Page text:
Learn how to fix a bad credit report by yourself.
Your credit score is derived from information found on your credit reports. Therefore, naturally, a bad and inaccurate credit report won’t reflect too well on your credit scores.
If you want to improve your credit score, you have to start from the report.
First, you need to order a free credit report and review it thoroughly to detect any negative misinformation.
Know Your Rights
As a consumer, you have your rights to order a free copy of credit report once a year. You can request a free credit report annually from each of the 3 major credit reporting bureaus – Equifax, Experian and TransUnion.
You can ask for an investigation at no charge to you – if you find any inaccurate, or incomplete information in any one of your credit reports.
Some people choose to hire a credit repair company to investigate for them, but anything the company can legally do, you can do for yourself at almost no costs at all.
Before you decide to pay someone to investigate your credit problems, take a look at the 3 common major problems we find in the credit reports and how you can fix them for yourself.
Problem 1: Past Due Accounts
Components that make up your credit score.
If you have looked into the scoring criteria of credit scores, you will realize that your payment history has the largest impact on your credit score. A whopping 35% of your score depends on your payment history.
Therefore, having late payments will hurt your credit scores more than anything else.
If you find any past due accounts in your credit report, including late payments, charge-offs, and collection accounts, make sure they are correct and do not reflect any accounts that have been paid off.
Next, plan a repayment schedule to get current on all delinquent accounts.If you have accounts that are 30 to 60 days late in payment, pay them off as soon as possible to prevent negative impact on your credit scores.
Accounts that are 90 days past due will be considered extremely delinquent and will leave a mark on your credit report, and inflict a negative impact on your scores.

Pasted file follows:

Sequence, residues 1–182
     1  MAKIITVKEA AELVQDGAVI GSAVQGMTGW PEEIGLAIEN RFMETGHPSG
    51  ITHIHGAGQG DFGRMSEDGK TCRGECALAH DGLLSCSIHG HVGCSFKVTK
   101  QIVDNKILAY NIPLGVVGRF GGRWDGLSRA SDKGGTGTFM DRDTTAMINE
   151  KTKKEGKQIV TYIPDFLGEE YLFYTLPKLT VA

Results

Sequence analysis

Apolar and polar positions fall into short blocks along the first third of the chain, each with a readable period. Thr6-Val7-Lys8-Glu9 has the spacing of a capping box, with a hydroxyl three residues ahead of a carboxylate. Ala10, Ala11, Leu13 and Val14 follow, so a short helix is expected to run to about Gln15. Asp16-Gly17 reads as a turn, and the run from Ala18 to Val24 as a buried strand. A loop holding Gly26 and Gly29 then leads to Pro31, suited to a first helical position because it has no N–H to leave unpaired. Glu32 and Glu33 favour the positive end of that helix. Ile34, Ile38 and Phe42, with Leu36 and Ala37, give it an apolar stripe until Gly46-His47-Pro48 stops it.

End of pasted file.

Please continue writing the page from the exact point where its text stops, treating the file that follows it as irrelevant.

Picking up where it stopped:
Typically, a debt will go into collection after 180 days past due. If a payment goes into collection account, it can remain in your credit report and hurt your credit scores for up to 7 years, even if you have cleared off the balance.
Problem 2: Over-the-Limit Credit Card Balance
The amounts owed by you is the second most important criterion used to determine your credit score. Your level of debt accounts for 30% of your FICO credit score.
Ideally, your credit card utilization should be below 30% of your overall credit limit. For example, if your credit limit is at $1,000, you should not have more than $300 balance on your card at any point of time to maximize your credit score.
If you find any credit cards in your report with balances over their credit limit, focus on bringing these over-the-limit balances under the limit.
Once you have all the balances within their respective credit limits, aim to pay them down to less than 30% of the credit limit. After that, keep your credit utilization ratio at 30% or lower all the time and you’ll see improvements to your credit score.
If you have problems paying down your debts, learn how you can tackle them systematically and pay them off in the shortest period of time.
Problem 3: Default on Student Loans
Most Americans carry multiple student loans and according to a report by Wall Street Journal, 7 Million student loan borrowers are in default, which translates to about 17% of all borrowers being severely delinquent.
Obviously, if you are in default, it won’t appear pretty on your credit report and credit score. The default will be noted in your report and continue to be visible to potential lenders even if it has been quickly resolved.
However, note that a late payment doesn’t automatically turns into a default. Below is a timeline of late payment on student loans before it’s considered a default:
- As soon as you miss your first payment, you are considered delinquent. This is a red flag for both you and the lenders, but it doesn’t impact your report and score too much.
- When you are 90 days past due, the delinquent status will be reported to all 3 credit bureaus and a negative mark will be left on your credit report.
- When you are 270 days past due, the student loan is considered to be in default. At this point, the loan will go into collection account and you will start receiving calls from collection agencies.
If you have federal or private student loans that are nearing default, get current on your payments, or call your lenders to negotiate a new repayment plan if you cannot afford the current one. Most lenders have several flexible repayment plans to choose from.
The Bottom Line
Before you engage any credit counseling or credit repair company, exercise your rights to obtain a free credit report from each of the credit bureaus, and make sure all information your report is current and accurate.
Pay special attention to any late payments and make sure you don’t over-utilize your credit cards. These are usually the two main culprits that lower your credit scores significantly.
If you need counseling after all, make sure you look out for credit repair scams and go for a reputable credit counseling agency.
You can find a state-by-state list of government-approved credit counseling organizations at U.S. Department of Justice website. Be wary of agencies that claim they are government-approved, but do not appear on the list of approved organizations.